LA County Considers Tightening Gun Laws After Florida Shooting

LOS ANGELES (CN) – Officials in Los Angeles County agreed Tuesday to review a set of ordinances to tighten gun-control laws in the region, including a ban on .50-caliber handguns, no-sale buffer zones around schools and age restrictions to purchase and own firearms.

The proposal comes a month after the shooting at Marjory Stoneman Douglas High School in Parkland, Florida, where 17 people were killed. Since then discussion surrounding gun control and Second Amendment rights have played out in legislative forums across the nation.

As part of the debate, the LA County Board of Supervisors asked legal counsel to review age restrictions for the sale or possession of firearms, a ban on .50-caliber handguns and barring gun shops from setting up near schools and day cares in the county.

The bevvy of ordinances was called long overdue by gun-control advocates at Tuesday’s board meeting. Officials also asked the County Department of Public Health to coordinate violence prevention, which will include mental health services and domestic violence among other factors.

Supervisor Mark Ridley-Thomas said, “I believe we must shift the debate and create a new narrative that is designed to, with laser-like focus, combat the issue.”

County counsel will report back within two months on the feasibility to adopt the ordinances.

Tuesday’s proposal follows criminal charges against two men who police say improperly stored their firearms. The charges stem from investigations into threats at two LA-area schools made by the sons of the men charged.

California law requires all firearms and ammunition to be locked up when not in use. Police say that in both cases, the boys suspected of making threats had easy access to their fathers’ unsecured guns and ammunition.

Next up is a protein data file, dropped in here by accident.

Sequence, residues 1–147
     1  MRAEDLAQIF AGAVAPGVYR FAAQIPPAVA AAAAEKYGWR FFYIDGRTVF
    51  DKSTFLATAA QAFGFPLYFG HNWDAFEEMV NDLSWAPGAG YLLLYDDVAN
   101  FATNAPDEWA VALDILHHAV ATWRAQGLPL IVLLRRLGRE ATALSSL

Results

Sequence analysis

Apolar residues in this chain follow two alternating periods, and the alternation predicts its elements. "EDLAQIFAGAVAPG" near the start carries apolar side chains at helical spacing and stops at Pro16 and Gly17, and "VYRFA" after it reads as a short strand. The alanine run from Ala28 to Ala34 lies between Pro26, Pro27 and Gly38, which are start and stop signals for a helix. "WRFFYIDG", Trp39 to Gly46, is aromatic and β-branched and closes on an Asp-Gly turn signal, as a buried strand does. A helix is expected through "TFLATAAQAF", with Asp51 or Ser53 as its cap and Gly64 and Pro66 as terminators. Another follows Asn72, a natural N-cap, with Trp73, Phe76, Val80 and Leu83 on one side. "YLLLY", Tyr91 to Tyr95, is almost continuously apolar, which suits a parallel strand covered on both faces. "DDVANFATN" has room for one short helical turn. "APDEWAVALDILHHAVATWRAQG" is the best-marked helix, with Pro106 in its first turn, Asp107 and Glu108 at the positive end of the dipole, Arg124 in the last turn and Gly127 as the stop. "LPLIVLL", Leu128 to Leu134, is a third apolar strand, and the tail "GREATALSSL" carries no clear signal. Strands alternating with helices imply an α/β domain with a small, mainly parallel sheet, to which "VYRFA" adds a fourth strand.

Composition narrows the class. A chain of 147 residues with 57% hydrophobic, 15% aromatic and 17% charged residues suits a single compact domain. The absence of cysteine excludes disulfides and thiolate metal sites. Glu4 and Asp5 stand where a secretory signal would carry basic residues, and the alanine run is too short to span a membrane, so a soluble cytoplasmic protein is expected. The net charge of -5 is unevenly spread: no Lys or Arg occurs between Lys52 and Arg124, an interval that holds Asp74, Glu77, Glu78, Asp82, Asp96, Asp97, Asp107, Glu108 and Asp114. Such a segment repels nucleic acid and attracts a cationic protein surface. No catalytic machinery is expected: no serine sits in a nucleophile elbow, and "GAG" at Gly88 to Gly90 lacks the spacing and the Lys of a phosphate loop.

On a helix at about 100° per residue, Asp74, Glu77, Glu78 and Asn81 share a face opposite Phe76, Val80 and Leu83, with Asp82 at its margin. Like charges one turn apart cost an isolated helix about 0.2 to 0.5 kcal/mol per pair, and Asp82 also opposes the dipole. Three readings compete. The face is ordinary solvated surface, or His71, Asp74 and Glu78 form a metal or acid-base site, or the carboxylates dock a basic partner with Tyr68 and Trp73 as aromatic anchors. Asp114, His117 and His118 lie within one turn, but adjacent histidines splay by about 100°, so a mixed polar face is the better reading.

Meanwhile, California Attorney General Xavier Becerra highlighted the seizure of guns from people prohibited from owning them over the last week, including convicted felons and those listed in a national database. The guns seized include 6 assault weapons, 11 rifles, 3 shotguns, 5 handguns, 10,000 rounds of ammunition and 3 grenade launchers, according to the state Department of Justice.

Two of the assault weapons seized contain parts without serial numbers and are equipped with bump stocks, the same modification used in last year’s mass shooting at a concert in Las Vegas. California banned bump stocks in 1990.

Also Tuesday, Assemblyman Jim Cooper, D-Elk Grove, introduced legislation to require middle and high schools across California to have a mental-health counselor to identify potential threats to schools before they occur. Cooper said a fee on the sale of all firearms and ammunition would be deposited into a “School Gun Violence Protection Fund” to help schools pay for the counselors.

The bill, AB 2497, will be taken up by the Legislature soon, Cooper said in a statement.

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